The editors, pressing their argument that the roiling stock market is in danger of slipping out of control, zero in on the underlying source of the current crisis—one that is of world historic significance.

“The bare facts are that the nation—heavily indebted—needs to attract some $800 billion a year from abroad, either by borrowing the money or by selling American assets. No serious analyst believes that an imbalance of that magnitude is sustainable [our emphasis]. In fact, the erosive effects are already evident. Debt must be repaid by sending money abroad, leaving less to invest domestically. Selling off American assets means reduced investment returns to Americans.

“And that’s if things go smoothly. Ever present is the risk that the vital foreign inflows will wane, with severe repercussions on interest rates and the dollar.”

This takes us to the deeper cause of today’s unfolding economic crisis. And that’s a problem of such proportions as to make the “new economy” bubble that burst at the end of the 1990s, and today’s housing bubble, which is in the early throes of bursting, look almost insignificant in comparison!

Keynesian economics

We must once again refer to the grandmother of all economic bubbles: the one that was created at Bretton Woods, New Hampshire, in 1944 at a meeting of the soon-to-be victors of World War II. That’s when the decision was made by the major allied powers to adopt a seemingly impossible reform of the global capitalist monetary system. The scheme, as developed by its chief architect, British economist John Maynard Keynes, was designed to gradually separate the world’s currencies from their gold base—a process that by now is as close to completion as it ever can be.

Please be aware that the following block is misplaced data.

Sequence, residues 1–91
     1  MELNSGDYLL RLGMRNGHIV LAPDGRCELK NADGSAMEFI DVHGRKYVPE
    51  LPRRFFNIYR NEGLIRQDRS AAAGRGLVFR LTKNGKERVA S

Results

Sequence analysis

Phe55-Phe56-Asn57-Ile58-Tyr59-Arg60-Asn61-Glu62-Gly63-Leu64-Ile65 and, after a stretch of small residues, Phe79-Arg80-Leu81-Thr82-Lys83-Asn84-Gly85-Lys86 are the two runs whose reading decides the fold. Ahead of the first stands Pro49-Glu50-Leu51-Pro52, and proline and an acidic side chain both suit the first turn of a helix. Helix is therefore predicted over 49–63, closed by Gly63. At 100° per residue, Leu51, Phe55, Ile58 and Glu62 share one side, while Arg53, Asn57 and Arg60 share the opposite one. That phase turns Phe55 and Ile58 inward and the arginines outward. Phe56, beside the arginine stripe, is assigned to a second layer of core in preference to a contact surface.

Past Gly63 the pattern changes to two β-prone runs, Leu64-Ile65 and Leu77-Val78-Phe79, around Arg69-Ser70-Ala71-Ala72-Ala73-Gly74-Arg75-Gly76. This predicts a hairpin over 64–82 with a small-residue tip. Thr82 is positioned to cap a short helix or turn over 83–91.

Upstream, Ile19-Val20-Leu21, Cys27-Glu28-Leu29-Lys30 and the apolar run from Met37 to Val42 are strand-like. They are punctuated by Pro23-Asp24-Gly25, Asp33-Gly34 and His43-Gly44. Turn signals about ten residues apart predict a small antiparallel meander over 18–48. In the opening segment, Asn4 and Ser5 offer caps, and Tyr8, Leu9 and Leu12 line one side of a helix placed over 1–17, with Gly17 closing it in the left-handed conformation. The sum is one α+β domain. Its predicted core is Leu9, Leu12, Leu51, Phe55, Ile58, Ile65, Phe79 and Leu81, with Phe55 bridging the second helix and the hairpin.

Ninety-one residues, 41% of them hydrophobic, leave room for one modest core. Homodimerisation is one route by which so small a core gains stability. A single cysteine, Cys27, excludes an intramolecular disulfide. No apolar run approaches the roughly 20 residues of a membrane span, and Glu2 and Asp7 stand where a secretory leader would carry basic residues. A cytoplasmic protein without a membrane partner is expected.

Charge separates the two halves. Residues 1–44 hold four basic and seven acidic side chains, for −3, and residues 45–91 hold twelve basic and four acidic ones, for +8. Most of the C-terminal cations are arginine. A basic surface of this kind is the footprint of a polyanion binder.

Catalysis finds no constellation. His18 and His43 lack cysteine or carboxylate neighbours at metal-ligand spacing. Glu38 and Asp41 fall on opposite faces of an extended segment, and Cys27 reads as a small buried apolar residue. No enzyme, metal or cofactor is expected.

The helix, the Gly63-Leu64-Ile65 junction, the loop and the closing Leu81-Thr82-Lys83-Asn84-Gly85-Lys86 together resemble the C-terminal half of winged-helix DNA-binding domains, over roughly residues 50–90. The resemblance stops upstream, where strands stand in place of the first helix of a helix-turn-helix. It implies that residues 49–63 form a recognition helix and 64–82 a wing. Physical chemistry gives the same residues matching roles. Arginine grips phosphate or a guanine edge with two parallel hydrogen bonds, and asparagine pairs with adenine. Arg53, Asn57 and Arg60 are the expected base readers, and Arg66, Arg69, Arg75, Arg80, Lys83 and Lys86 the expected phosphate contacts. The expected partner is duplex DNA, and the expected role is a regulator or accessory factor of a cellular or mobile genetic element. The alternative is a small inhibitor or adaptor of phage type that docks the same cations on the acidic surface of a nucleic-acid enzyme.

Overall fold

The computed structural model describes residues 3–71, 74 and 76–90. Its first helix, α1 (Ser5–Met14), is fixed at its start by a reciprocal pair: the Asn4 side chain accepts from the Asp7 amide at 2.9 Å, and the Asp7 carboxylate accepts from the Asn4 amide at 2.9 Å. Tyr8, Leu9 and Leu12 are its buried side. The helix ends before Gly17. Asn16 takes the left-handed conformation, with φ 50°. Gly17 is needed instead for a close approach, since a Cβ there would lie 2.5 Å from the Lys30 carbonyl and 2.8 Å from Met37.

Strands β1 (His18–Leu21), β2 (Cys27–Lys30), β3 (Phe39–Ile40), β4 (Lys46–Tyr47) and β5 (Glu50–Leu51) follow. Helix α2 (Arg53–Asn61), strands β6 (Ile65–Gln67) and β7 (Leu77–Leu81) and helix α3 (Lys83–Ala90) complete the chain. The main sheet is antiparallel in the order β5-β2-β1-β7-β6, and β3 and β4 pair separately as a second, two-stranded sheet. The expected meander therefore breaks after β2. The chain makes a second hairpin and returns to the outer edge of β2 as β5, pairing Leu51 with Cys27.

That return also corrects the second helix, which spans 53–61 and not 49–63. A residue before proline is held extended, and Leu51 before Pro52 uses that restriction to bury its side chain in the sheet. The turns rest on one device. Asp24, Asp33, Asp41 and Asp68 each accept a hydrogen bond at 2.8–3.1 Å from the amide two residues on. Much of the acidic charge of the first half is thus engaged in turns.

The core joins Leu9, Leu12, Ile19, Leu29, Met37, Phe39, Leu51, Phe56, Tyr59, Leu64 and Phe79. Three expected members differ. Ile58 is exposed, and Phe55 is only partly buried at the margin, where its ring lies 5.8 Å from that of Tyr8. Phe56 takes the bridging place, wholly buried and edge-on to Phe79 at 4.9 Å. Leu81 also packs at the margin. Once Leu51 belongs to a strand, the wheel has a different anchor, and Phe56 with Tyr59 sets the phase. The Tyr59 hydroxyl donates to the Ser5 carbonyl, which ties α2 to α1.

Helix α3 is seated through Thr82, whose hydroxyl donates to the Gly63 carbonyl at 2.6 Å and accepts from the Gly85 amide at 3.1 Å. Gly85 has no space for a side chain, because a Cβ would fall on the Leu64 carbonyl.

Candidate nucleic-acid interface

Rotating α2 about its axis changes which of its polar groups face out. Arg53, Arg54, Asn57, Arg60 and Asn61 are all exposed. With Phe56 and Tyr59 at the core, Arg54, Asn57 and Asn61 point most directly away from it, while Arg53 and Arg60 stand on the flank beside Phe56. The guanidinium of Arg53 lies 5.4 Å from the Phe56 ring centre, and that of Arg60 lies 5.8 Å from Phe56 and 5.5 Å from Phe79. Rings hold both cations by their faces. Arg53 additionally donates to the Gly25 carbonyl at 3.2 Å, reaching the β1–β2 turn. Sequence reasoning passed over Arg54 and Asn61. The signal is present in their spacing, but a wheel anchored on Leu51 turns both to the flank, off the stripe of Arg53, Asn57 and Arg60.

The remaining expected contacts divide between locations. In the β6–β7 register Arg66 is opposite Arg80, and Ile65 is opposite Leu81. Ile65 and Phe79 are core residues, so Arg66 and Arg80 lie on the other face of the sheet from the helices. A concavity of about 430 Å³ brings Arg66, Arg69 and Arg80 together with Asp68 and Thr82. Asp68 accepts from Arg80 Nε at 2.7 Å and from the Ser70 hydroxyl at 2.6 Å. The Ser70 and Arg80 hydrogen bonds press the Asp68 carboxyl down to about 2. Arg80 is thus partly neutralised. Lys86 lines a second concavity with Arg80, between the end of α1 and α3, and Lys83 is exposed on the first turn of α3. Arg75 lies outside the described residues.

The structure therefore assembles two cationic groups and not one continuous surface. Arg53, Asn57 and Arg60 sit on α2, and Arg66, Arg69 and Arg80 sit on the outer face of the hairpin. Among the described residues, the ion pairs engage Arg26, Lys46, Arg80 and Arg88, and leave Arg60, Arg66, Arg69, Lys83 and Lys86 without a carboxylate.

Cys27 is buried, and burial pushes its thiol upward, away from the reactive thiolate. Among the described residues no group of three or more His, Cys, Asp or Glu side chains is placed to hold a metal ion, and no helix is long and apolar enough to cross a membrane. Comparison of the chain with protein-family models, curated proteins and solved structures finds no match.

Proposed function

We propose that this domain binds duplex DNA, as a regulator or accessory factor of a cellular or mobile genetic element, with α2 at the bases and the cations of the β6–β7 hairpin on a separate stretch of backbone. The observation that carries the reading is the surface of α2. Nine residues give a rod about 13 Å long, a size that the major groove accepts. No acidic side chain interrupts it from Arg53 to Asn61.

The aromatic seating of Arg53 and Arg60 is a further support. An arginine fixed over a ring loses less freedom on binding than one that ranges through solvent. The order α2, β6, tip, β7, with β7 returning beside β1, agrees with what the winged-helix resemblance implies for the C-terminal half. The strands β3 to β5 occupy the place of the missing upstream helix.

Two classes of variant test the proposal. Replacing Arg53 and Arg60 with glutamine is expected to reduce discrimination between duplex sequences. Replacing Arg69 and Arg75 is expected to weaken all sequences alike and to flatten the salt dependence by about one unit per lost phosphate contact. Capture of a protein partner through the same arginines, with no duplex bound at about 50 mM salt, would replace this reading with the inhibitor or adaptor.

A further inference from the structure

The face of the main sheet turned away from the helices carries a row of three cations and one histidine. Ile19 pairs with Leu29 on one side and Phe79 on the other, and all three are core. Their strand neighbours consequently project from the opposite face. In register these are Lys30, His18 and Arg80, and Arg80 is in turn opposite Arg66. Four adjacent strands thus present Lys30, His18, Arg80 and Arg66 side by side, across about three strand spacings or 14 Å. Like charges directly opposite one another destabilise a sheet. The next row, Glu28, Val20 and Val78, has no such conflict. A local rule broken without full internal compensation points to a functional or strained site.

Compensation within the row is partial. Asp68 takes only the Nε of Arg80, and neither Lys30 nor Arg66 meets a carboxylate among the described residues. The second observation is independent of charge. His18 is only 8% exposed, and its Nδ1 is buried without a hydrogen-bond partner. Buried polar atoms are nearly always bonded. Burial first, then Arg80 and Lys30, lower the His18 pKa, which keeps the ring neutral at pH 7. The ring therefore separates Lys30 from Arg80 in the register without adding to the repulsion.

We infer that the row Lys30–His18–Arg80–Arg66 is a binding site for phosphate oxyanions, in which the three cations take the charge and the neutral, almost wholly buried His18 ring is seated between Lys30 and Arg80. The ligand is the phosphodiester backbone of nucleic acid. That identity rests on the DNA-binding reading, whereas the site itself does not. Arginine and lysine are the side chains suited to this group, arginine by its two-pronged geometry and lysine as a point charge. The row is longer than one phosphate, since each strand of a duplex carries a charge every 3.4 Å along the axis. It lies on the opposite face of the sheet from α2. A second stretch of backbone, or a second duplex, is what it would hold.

Thus, beginning soon after Bretton Woods and continuing until the end of the 1970s, gold took a back seat while the dollar was elevated to serve as the closest thing to the role played by gold, silver, and other precious metals for the last 5,000 years.

The winners of the second World War knew that this war had ended the crisis of overproduction of the 1930s by using up all the surplus goods clogging store shelves and warehouses, thus triggering the Great Depression. Thus, they feared that the end of the war would set in motion another boom like the one in the U.S. following World War I in the 1920s, which had ended in the biggest of all busts in October 1929.

The “invisible hand” that regulates the capitalist economy, after all, does its job in its own way and in its own fashion—that is, by the automatic, self-regulating mechanism known as the boom-bust cycles of capitalist production. And therein lies one of the fatal internal contradictions of the profit system. Those meeting at Bretton Woods in 1944 decided to prevent another Great Depression by transforming the U.S. dollar into something much bigger than a single nation’s currency. They intended it to serve also as the world’s second-most reliable universal means of exchange and eventually to totally replace gold.

The dollar could, almost instantly, play such a unique role because most of the world’s gold reserves at the end of the second World War were locked away in U.S. Treasury vaults in Ft. Knox, Kentucky. For all practical purposes, the gold-based dollar had for years been considered as good as gold. However, the purely paper dollar could not immediately play the role formerly played by gold and silver. First, a sort of bridge had to be built, to ease the transition from the dollar’s serving solely as a national currency to serving also as an international means of payment between trading nations.

The huge gold reserves lodged in Ft. Knox could serve as such a bridge, providing there was agreement by all participating nations to carefully and cooperatively organize the transition from a gold-based global monetary system to one based on faith in the dollar or possibly, as events might determine, by adding a few more strong currencies to serve as an international medium of exchange along with the dollar.